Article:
Razy Ransomware Description
The Razy Ransomware is a Trojan that encrypts your content and may display ransom messages selling its victims a decryption service. Contrary to the implications of its ransom notes, the Razy Ransomware uses an encryption method that does not preserve critical data required for restoring the affected files, and malware experts recommend not paying its fee particularly. You should delete the Razy Ransomware through the usual anti-malware procedures and restore your content from any available backups.
When Your Files Start Razzing You
Most online and threat hoaxes struggle to balance the internal tensions between authenticity and misappropriated profitability, but nowhere is that trait more observable than with Trojans dedicated to ransoming data. Malware researchers have seen different threat authors responding to these issues in diverse ways, such as faking encryption attacks, claiming that their encryption algorithms are stronger than they are, and even misrepresenting deleted files as encrypted ones. The new Razy Ransomware shows another way Trojan developers can manipulate their victims for making money.
A German developer created the Razy Ransomware for supposedly educational purposes originally, with links to early builds provided in his first sources. Although the developer claims not to be using the Trojan for attack campaigns, remote attackers have begun distributing the Razy Ransomware through unknown methods, infecting PC users seemingly arbitrarily.
The Razy Ransomware uses some features that it 'borrows' from the Cerber Ransomware, but malware experts determined that it's notably different from that Trojan regarding how it encrypts data. Instead of targeting files by their formats, the Razy Ransomware targets all content inside the following Windows directories:
The Razy Ransomware sends files in these folders through an AES encryption routine but discards the key needed for decrypting the content and restoring it. Despite that unusual step (either an oversight or an intentional, malicious act), the Razy Ransomware still displays ransom messages that offer to sell its victims a decryption service. Unlike the Cerber Ransomware, the Razy Ransomware doesn't use a live countdown to determine further actions, such as increases in ransoms or launching new attacks.
Taking the Sting out of Being Razzed by Trojans
The Razy Ransomware infections are identifiable by their Cerber Ransomware-inspired ransom messages, their additional text-to-speech functions, and their appending of '.the Razy' extensions to encrypted content in the locations mentioned above. With its original developer disclaiming any knowledge of this threat's still-unidentified distribution model, the PC security sector will need time to determine whether the Razy Ransomware is installing itself by e-mail attachments, spam links, drive-by-downloads or other methods.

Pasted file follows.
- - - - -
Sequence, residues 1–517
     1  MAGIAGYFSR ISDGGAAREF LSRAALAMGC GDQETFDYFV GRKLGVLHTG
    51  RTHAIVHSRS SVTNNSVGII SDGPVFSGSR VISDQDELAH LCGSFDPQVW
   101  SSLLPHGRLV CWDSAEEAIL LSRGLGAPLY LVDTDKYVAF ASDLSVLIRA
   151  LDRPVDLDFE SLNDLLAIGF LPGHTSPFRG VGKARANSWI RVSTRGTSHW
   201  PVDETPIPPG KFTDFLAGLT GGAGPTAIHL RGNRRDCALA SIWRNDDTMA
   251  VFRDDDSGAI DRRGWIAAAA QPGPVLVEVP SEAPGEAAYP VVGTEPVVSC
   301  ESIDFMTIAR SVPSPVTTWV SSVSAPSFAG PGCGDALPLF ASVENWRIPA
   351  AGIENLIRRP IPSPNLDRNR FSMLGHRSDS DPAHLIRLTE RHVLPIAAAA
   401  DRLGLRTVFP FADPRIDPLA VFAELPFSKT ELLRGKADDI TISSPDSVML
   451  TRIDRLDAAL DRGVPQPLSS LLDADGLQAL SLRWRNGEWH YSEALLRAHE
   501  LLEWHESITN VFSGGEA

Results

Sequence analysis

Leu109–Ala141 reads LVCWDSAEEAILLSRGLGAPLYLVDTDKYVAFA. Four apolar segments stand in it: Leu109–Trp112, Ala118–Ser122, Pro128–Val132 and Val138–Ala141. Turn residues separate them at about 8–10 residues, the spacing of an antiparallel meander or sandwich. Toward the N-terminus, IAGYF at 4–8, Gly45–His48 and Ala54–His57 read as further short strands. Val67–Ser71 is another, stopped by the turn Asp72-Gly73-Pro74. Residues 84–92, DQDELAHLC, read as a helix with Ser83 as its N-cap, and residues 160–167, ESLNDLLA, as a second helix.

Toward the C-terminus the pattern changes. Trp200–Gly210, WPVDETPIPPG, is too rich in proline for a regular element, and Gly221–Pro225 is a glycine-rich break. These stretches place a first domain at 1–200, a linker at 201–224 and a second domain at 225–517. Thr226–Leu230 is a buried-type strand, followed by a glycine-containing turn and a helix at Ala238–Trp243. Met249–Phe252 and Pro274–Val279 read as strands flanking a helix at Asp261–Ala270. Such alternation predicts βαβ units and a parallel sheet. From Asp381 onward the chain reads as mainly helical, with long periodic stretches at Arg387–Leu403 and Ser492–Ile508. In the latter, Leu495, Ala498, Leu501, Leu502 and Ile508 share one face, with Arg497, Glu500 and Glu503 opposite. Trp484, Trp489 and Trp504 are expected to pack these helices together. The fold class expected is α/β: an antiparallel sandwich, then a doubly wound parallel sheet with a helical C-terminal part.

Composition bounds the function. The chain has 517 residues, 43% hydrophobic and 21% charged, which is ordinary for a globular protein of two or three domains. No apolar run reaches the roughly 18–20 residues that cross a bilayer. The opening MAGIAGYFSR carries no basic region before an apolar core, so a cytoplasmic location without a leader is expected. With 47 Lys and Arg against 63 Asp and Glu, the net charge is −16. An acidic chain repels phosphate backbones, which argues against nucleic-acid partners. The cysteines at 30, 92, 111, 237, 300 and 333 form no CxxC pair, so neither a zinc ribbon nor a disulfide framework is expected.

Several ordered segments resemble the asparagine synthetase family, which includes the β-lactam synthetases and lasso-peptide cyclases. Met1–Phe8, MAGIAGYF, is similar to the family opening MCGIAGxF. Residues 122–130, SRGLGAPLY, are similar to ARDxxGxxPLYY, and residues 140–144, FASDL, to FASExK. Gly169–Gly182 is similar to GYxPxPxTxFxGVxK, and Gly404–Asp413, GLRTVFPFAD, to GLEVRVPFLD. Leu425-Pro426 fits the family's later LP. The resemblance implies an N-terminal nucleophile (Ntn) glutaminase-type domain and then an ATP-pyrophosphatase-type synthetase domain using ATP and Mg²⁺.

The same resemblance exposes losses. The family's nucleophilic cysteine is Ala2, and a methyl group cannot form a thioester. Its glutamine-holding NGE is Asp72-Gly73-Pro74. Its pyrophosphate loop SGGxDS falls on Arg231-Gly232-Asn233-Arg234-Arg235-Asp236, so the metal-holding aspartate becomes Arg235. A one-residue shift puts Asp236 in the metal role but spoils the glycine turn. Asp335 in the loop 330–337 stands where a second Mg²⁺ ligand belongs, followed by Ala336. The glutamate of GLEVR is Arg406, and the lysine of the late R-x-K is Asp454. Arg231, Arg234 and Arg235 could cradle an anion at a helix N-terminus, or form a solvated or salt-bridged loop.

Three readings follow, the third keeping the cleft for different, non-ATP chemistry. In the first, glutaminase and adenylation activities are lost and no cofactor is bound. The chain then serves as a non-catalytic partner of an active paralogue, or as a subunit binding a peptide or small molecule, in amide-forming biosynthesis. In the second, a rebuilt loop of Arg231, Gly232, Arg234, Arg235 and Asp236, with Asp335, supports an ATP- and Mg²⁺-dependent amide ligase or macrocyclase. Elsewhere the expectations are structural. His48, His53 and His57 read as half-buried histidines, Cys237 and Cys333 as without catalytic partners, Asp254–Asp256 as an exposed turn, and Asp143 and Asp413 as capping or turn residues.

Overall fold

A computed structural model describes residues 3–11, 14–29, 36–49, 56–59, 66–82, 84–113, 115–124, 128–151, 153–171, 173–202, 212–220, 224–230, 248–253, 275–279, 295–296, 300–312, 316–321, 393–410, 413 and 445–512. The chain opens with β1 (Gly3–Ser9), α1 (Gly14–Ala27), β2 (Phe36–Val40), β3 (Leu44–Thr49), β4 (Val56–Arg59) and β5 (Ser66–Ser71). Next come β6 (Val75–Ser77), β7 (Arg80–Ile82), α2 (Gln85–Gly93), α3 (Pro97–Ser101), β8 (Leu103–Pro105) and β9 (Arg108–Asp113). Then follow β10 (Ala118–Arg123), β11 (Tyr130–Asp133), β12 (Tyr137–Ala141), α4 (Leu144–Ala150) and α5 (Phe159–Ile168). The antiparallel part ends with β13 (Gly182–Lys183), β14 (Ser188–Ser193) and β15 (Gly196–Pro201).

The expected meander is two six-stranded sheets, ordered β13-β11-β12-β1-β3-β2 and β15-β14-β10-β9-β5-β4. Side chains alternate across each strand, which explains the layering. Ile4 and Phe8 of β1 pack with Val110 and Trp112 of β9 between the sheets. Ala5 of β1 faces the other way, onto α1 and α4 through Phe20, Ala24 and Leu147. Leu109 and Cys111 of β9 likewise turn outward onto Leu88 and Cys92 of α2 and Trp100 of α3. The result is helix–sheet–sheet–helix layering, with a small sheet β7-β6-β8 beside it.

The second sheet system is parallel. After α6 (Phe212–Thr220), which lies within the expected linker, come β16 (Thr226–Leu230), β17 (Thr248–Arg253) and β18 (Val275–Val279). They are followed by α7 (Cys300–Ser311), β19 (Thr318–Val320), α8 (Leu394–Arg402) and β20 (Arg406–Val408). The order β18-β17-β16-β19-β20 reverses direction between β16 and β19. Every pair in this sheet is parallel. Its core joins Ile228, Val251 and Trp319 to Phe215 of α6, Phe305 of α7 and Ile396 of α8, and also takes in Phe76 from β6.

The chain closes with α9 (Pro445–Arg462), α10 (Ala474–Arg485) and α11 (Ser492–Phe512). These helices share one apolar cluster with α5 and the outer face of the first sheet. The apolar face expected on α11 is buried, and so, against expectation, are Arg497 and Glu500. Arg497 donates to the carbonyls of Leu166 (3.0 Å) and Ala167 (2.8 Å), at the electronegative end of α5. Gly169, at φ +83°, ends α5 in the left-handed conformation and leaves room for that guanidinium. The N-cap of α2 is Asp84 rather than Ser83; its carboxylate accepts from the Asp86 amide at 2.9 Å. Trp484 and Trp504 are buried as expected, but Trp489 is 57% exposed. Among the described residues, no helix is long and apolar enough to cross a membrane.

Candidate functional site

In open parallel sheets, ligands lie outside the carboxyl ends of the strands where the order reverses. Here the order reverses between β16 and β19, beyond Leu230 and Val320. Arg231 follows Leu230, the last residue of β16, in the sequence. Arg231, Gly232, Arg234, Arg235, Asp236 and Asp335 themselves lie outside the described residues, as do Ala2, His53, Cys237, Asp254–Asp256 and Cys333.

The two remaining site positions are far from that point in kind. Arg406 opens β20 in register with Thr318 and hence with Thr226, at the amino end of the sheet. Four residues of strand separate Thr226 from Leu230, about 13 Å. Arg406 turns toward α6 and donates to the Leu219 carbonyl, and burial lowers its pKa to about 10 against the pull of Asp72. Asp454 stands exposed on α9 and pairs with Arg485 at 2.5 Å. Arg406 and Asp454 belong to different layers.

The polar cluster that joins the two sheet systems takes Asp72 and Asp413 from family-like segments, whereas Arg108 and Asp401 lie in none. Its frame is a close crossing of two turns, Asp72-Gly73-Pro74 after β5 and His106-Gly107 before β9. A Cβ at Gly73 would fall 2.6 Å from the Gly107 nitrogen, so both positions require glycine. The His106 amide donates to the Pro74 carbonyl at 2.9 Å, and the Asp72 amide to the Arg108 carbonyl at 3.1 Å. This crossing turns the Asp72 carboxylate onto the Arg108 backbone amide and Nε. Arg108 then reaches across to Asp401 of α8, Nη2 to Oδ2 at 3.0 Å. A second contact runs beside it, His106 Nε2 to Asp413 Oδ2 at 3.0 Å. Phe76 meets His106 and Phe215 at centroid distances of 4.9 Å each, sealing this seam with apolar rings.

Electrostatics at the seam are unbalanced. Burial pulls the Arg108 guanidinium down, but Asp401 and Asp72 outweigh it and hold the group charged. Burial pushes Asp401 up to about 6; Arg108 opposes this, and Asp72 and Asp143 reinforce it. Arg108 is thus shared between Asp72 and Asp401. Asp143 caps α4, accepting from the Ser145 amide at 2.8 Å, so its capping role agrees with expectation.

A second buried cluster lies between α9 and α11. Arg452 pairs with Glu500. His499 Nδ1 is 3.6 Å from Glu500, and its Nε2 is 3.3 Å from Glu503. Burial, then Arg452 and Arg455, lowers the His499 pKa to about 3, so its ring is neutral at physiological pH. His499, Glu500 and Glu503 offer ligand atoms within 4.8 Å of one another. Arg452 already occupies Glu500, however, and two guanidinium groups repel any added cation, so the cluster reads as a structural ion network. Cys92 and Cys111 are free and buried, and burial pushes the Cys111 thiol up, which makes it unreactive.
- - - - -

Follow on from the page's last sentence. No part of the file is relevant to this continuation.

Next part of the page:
Since there is no gain from paying the Razy Ransomware's ransom, malware experts suggest regarding all encrypted files as being de facto deleted. The irreversible nature of the Razy Ransomware's attack, while rare, is not unheard of among other Trojans of the same category, and is best counteracted by keeping backups out of the reach of an infection. Traditional solutions include removable storage devices and cloud storage.
Deleting the Razy Ransomware with your installed anti-malware products will not restore any encrypted content, but will prevent the Trojan from damaging any newly-introduced data in the targeted locations. The Razy Ransomware is only compatible with Windows currently and targets files pertinent to Windows users, although it doesn't harm the folder in use for the Windows operating system. Until its campaign's distribution is detected and curtailed, Windows users will need to be especially aware of the dangers behind paying for what should be theirs in the first place.
Use SpyHunter to Detect and Remove PC Threats
If you are concerned that malware or PC threats similar to Razy Ransomware may have infected your computer, we recommend you start an in-depth system scan with SpyHunter. SpyHunter is an advanced malware protection and remediation application that offers subscribers a comprehensive method for protecting PCs from malware, in addition to providing one-on-one technical support service.
Why can't I open any program including SpyHunter? You may have a malware file running in memory that kills any programs that you try to launch on your PC. Tip: Download SpyHunter from a clean computer, copy it to a USB thumb drive, DVD or CD, then install it on the infected PC and run SpyHunter's malware scanner.
File System Modifications
The following files were created in the system:
file.exeFile name: file.exe
Size: 163.84 KB (163840 bytes)
Detection count: 49
File type: Executable File
Mime Type: unknown/exe
Group: Malware file
Last Updated: August 2, 2016